masthead_37.jpg
Local NPR for the Cape, Coast & Islands 90.1 91.1 94.3
Play Live Radio
Next Up:
0:00
0:00
Available On Air Stations

When two summer jobs doesn't feel like enough

IMG_6619.jpg

What’s it like to be a seasonal worker on Martha’s Vineyard? In a word: whew!

Monica Boyadzhieva is a college student here from Bulgaria. This is her second summer on the island working on a J-1 visa. Periodically we’re hearing about her experiences. Lately she’s been thinking a lot about differences in work culture.

Here’s her conversation with CAI’s Steve Junker.

—————

Steve Hi, Monica.

Monica Hi.

Steve We thought we'd check back in with you as we're getting along in summer. Are you about halfway through your time on the Vineyard?

Monica I am a little over halfway. I have four weeks left, actually.

Steve We wanted to hear a little bit about your work experiences. I know you've been working two jobs, and I know you've been thinking a lot about your work experiences, because it sounds like working — that's pretty much what you do all the time right now. Is that right?

Monica It is right. And it's not two, it's even three jobs at this point.

Steve Three jobs.

Monica Three jobs. Yeah. And I guess one of the reasons why it's three jobs is exactly because of that working culture that I've been experiencing, this constant pressure to fill every single minute you have in your time to work. Everyone seems to be working all the time. And when I used to have even a single night that is free, I would feel guilty.

Steve Wait — so you felt guilty because you were only working two jobs?

Monica Yeah, I felt guilty that I had free time.

Steve So can you compare it to what it would be like for you back home in Bulgaria, where you're from, and what your sense of the work culture is there?

Monica Back home, when I was working in the supermarket, you get paid the minimum wage, but it's a monthly wage and it doesn't matter how many hours you work, you get the same amount of money, whether you leave earlier today or not. At the end of the month, you're going to get like 600 lev — that's our currency, "lev." Here, since you get paid hourly, I feel like there's this little competition between me and other coworkers. I don't mean competition in a bad way, but you would want to stay more hours. You don't want to be cut if it's not busy, you know, because every hour you work, every minute you work matters, because it gets more to your paycheck. And same with the tipping culture here. Back home it doesn't really exist. So you have the incentive here to be nice and kind of like "earn" your tips. Whereas back home, even in restaurants, there is tipping culture, but it's not necessary and they wouldn't leave like 20%. It can be just one or two levs to round up the bill. So you don't have that incentive to be very, very nice because you're going to get more money. Here, I would call it the "fake nice." I sometimes hate doing it, especially when you're tired, and you cannot really smile 8 hours straight to people. But you still have to be, [sweetly] "Hi, how are you?" That "customer voice." Back home, I wouldn't even have to talk to them. I can just scan their products and let them go.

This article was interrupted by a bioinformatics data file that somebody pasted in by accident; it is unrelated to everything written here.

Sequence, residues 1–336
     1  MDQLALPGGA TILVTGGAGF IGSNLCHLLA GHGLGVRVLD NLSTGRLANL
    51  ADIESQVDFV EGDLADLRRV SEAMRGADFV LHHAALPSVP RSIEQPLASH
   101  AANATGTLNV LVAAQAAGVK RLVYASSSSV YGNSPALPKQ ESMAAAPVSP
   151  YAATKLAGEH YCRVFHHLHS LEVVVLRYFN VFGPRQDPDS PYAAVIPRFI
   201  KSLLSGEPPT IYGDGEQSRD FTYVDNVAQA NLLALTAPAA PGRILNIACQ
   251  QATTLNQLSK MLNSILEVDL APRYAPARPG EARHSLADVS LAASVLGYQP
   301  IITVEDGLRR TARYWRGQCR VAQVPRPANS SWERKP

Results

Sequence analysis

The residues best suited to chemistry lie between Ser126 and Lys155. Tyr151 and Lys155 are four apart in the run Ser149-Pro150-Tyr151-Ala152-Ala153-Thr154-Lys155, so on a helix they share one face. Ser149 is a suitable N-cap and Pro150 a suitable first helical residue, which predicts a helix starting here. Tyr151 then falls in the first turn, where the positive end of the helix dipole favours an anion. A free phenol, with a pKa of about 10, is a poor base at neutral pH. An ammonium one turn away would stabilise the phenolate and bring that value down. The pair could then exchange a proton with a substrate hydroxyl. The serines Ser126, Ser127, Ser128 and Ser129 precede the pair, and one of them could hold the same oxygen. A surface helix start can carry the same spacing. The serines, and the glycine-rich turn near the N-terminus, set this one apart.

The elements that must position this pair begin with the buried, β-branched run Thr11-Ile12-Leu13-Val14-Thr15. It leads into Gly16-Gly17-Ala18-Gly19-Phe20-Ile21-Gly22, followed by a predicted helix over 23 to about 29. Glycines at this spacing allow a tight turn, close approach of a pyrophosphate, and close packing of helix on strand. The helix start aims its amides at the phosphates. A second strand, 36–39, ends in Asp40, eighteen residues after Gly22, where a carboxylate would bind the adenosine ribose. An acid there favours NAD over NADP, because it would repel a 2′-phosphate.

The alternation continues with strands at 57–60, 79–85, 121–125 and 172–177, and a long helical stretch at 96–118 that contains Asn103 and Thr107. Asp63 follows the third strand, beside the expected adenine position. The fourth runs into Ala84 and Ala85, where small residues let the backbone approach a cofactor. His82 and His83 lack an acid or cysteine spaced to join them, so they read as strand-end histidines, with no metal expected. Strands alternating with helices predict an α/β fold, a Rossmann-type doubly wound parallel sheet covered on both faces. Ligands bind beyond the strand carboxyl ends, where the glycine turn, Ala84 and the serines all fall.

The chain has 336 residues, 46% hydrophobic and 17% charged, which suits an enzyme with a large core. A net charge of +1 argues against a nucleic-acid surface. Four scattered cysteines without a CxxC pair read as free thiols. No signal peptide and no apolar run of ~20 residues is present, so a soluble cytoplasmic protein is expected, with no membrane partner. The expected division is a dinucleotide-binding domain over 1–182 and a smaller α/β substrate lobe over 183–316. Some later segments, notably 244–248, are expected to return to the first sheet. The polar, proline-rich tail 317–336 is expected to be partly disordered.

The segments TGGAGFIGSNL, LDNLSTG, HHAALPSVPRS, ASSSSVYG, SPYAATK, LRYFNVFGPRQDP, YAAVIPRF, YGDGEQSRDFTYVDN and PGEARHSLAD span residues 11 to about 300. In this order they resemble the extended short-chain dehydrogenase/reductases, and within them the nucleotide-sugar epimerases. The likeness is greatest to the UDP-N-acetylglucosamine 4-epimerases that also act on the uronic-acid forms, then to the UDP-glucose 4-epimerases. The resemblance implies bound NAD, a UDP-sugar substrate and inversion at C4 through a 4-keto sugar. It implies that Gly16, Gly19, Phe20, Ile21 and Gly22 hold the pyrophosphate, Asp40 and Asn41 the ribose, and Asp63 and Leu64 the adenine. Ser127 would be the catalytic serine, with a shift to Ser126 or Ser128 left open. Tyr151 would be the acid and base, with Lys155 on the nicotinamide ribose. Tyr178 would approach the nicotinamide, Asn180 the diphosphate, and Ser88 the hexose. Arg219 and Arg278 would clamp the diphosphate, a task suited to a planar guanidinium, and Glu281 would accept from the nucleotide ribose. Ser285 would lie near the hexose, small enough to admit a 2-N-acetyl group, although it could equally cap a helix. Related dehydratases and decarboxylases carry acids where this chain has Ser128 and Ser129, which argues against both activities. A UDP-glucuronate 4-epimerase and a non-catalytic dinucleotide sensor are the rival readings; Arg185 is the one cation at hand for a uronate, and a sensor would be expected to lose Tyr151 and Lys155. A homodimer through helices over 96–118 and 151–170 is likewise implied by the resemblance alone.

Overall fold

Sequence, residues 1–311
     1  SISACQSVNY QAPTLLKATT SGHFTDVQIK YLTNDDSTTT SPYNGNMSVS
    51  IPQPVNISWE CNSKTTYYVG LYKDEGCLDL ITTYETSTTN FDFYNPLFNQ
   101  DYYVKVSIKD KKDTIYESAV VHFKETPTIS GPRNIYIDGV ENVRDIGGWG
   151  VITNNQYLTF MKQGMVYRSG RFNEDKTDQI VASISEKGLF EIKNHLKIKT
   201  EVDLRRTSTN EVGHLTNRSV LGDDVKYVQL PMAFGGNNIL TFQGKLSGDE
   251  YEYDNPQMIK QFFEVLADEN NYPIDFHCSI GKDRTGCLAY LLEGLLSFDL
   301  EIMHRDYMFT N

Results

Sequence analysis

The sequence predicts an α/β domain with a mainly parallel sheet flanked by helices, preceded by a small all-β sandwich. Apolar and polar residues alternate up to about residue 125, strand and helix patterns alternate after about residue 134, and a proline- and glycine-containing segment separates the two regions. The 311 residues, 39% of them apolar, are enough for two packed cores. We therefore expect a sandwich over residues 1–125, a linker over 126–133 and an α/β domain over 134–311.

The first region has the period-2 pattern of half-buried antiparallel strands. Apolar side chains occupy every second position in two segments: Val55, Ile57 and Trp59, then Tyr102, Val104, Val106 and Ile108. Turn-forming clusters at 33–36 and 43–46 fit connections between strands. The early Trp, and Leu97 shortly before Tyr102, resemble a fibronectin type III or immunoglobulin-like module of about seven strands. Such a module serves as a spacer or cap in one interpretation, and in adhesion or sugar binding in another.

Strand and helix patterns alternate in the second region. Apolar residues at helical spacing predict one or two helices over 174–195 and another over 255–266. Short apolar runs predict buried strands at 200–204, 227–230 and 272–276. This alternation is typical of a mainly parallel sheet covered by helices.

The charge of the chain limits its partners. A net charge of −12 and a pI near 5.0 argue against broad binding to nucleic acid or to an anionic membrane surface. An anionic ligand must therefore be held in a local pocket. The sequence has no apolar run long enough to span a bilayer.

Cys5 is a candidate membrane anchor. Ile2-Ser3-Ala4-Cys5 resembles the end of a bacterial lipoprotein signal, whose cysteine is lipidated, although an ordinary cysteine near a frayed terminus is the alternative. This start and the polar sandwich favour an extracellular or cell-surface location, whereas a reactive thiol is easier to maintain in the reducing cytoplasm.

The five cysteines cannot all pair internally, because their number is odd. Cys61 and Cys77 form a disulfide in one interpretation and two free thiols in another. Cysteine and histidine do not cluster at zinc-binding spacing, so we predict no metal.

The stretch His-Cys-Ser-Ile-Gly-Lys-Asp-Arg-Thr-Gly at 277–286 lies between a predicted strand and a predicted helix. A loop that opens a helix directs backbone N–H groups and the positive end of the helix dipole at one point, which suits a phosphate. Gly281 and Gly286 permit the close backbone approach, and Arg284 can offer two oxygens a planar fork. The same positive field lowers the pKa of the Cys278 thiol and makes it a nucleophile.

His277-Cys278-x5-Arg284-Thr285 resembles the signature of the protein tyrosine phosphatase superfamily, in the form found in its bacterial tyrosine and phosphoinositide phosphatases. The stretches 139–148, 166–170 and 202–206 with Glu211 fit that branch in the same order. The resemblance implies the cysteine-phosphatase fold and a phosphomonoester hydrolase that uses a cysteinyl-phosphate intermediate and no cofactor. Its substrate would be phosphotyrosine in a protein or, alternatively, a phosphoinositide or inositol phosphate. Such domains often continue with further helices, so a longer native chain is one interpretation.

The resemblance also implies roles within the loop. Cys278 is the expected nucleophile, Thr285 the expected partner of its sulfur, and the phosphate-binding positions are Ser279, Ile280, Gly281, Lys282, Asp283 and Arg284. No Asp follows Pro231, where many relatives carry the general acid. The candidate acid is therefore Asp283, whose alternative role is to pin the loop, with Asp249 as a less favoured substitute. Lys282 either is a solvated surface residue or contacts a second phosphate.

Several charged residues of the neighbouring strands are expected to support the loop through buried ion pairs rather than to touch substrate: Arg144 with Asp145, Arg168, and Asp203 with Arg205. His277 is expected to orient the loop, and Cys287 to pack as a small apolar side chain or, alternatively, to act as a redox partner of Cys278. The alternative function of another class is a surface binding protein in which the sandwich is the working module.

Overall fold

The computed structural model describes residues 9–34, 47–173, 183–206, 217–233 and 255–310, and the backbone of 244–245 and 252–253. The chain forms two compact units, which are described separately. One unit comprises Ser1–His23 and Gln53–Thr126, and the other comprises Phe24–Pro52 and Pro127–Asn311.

Steve So it seems like part of the job here is is not just doing the work of the job, but being nice to people and interacting with customers in a way that makes them feel good to be there. Like when you say you have to smile for 8 hours a day and it seems like nobody can really do that.

Monica Yeah, a big part of the customer experience here, I believe, is just being nice to the people and making sure the customer feels welcome and feels cared for, which is not a bad thing. It's just very exhausting on the other side. There's this rule here: the customer is always right. So you have to do whatever they want, and it's very emotionally draining.

Steve This program that you're on, the J-1 program, it's called a work and travel program, and it's supposed to not only bring people here to work in places like the Vineyard, but it's also supposed to bring young people here to have an experience of the United States. Do you think that it works that way? Are you going to see enough of the States to balance out the fact that you work so much for almost three months?

Monica I think this is one of the flaws of the program. It's called work and travel, but there's barely any travel part because most people who come on this program, they need money for education. So they would spend every single minute they have working. But everything comes at the right time and maybe next year I'll get to travel more. That's one of my plans. I'm definitely not planning to work three jobs next summer.

Steve All right, Monica, thanks for speaking with us. Let's check in a little bit later in the summer.

Monica Yeah. Thank you.

—————

And here's Monica's first conversation, with her impressions on the abundance of American flags in a Cape Cod summer.

Steve is Managing Editor of News. He came to WCAI in 2007. He also hosts the weekly News Roundup on Friday mornings and produces The Fishing News.
Monica Boyadzhieva